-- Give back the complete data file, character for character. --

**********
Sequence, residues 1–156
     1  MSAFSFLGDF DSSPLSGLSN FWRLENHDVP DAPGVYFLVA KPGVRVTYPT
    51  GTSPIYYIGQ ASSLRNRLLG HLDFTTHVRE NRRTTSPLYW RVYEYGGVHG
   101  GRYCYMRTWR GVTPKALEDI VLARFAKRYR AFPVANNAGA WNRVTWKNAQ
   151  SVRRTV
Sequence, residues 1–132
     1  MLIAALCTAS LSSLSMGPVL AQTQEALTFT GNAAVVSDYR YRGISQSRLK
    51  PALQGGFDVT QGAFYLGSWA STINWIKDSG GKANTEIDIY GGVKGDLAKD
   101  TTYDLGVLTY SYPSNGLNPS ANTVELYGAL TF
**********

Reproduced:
Sequence, residues 1–156
     1  MSAFSFLGDF DSSPLSGLSN FWRLENHDVP DAPGVYFLVA KPGVRVTYPT
    51  GTSPIYYIGQ ASSLRNRLLG HLDFTTHVRE NRRTTSPLYW RVYEYGGVHG
   101  GRYCYMRTWR GVTPKALEDI VLARFAKRYR AFPVANNAGA WNRVTWKNAQ
   151  SVRRTV
Sequence, residues 1–132
     1  MLIAALCTAS LSSLSMGPVL AQTQEALTFT GNAAVVSDYR YRGISQSRLK
    51  PALQGGFDVT QGAFYLGSWA STINWIKDSG GKANTEIDIY GGVKGDLAKD
   101  TTYDLGVLTY SYPSNGLNPS ANTVELYGAL TF